Industry

Top 6 Metals Used for Making Jewellery

Metals are found in abundance on the Earth. While they are having wide applications across various industries, their use in making jewelry still dominates above all. Some popular metals like gold, silver, and platinum are used by metal-smiths to make fine pieces of jewelry. Metal testing labs often check for the quality of these metals to assess whether or not these metals are appropriate for making jewelry and can give the best output. When these metals are separated from their ores and processed, the samples are sent to testing labs to gauge their purity.

Here are some of the most popularly used metals in jewelry making:

Silver

The second favorite metal after gold for Indians, sterling silver is heavily used for making all kinds of beautiful pieces of jewelry. Sterling silver constitutes of 92.5% of silver and 7.5% of copper. Metal testing labs check the purity of silver using a variety of techniques. It is the most durable and long-lasting quality of silver that makes it apt to be used for making necklaces, anklets, rings, body jewelry, etc. Since it is softer than gold, platinum, and titanium, it requires a great amount of care. The only downside of using silver metal for jewelry is that it gets tarnished very easily since it gets easily oxidized. You might have noticed it with your own silver jewelry pieces also. This calls for timely visits to the jeweler for polishing.

Silver-filled

Silver filled is basically a cheap metal coated with a layer of silver. Also known as Silver Overlay, Silver-filled wires are made using heat with pressure to apply silver coating on a cheaper metal. This makes the metal a hundred times thicker than standard metal. This strength makes it ideal for use in jewelry making. Beautiful engraving is done on the jewelry made from silver filled. What makes it the preferred choice is its affordability and long-life span. It is forever a spotless beauty without any tarnishing.

Gold

The most common metal of all, one can find gold jewelry abundantly. Gold jewelry is made by mixing zinc, copper, silver, and nickel to create the finest pieces. While making jewelry, 24 carats gold is not used since it is soft and malleable and hence difficult to give shape for making bangles and necklaces. Therefore gold is always mixed with other metal elements to provide its characteristics of hardness and non-malleability. As the number of karats decreases, the purity of gold also decreases. 18-carat gold is the easiest to work with. Although pure gold is yellow in color, but since we use other non-metal alloys to make jewelry, they decide the color of gold. This is why you will find a variety of gold in the market:

  • Yellow gold is derived when you mix pure gold with silver and copper or zinc.
  • White gold is derived when you use white metals like nickel, silver, and palladium with pure gold. These metals impart grayish color to the jewelry which is why they are coated with rhodium to impart a whiter look.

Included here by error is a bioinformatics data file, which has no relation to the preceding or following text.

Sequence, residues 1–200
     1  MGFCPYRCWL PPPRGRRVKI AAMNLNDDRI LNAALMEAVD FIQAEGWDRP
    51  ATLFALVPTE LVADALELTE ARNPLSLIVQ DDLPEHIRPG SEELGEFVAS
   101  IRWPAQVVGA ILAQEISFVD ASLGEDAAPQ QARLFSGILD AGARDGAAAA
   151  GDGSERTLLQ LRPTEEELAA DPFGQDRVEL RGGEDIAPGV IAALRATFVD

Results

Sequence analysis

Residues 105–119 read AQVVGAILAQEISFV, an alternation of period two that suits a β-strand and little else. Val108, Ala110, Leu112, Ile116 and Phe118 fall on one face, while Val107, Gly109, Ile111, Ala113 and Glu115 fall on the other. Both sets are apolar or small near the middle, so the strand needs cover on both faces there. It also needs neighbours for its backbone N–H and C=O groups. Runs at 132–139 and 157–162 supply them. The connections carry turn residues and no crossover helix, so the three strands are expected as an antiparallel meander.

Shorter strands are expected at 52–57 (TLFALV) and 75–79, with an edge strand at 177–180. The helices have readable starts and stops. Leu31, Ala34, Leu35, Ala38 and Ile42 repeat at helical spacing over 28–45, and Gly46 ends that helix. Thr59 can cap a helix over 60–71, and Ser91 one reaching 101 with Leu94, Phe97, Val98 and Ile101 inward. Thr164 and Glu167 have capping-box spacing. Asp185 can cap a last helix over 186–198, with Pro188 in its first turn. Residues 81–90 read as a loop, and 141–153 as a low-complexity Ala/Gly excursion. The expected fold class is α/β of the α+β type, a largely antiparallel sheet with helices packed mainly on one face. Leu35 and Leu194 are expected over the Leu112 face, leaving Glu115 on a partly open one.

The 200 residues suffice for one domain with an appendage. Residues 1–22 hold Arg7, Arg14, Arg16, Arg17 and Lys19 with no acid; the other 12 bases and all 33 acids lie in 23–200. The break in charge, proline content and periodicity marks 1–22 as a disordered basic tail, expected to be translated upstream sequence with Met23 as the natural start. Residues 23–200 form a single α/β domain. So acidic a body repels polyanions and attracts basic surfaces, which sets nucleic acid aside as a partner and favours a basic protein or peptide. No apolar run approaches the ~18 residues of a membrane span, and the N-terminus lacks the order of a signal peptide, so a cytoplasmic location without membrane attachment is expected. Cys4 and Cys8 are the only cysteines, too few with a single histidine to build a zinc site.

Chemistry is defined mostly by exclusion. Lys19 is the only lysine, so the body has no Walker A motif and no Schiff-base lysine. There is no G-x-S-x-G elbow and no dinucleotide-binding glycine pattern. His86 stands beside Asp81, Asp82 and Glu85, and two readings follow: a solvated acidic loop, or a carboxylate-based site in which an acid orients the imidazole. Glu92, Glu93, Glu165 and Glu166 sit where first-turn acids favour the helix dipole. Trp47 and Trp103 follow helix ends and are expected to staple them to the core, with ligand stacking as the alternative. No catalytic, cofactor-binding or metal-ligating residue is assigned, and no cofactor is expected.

• Green gold is derived when you leave copper out of the alloy mixture. It looks exactly like pure gold. Rose gold is what you get when you mix high proportions of copper to give it a rose-like color.

Base Metal

A category of metals consisting of iron, nickel, copper, brass, and titanium among others, Base metals are the most common types of metals used for making jewelry. These metals are found in abundance and are usually used in making jewelry items like hammered disc pendants. The only disadvantage of using these metals in jewelry is that they can corrode or oxidize pretty easily. 

Platinum

The rarest and most expensive of all, platinum is an ultimate classy metal for jewelry. What makes it so expensive is its precious properties. It never loses its shine and is super durable. Platinum works pretty well for all jewelry items and is widely used for making love bands for weddings and cuffs. Melting at a temperature of 3216.2 Fahrenheit, Platinum is your go to choice always. At times Cobalt and Copper is also used along with Platinum for a great finish. However, it is going to burn a huge hole in your pocket owing to its price that is very well justified by its utility.

Titanium

The hardest ever metal known to mankind is titanium. It is harder than any other metal in existence putting even the most expensive ones like gold, platinum, and silver to shame. The best part about this metal is that it is hypoallergenic i.e. it does not cause any kind of skin allergies even to people with sensitive skin. It is popularly used in making body piercing jewelry and surgical equipment. It is scratch resistant, easy to color, and non-corrosive making it highly durable and easy to use. However, Titanium is not used for making rings as it cannot be resized or soldered or cut (very difficult to cut it!).

Metal testing lab plays a vital role in assessing the quality of the metals. A metal with superior quality not only gives the jewelry piece a fine look but also makes it equally valuable. Modern day metal testing labs use a number of scientific methods to analyze the metal sample on various parameters as per the intended end use. Following several mandated guidelines and suitability for making jewelry, the role of such labs is extremely significant for a perfect output.

Contributed by http://www.spectro.in/

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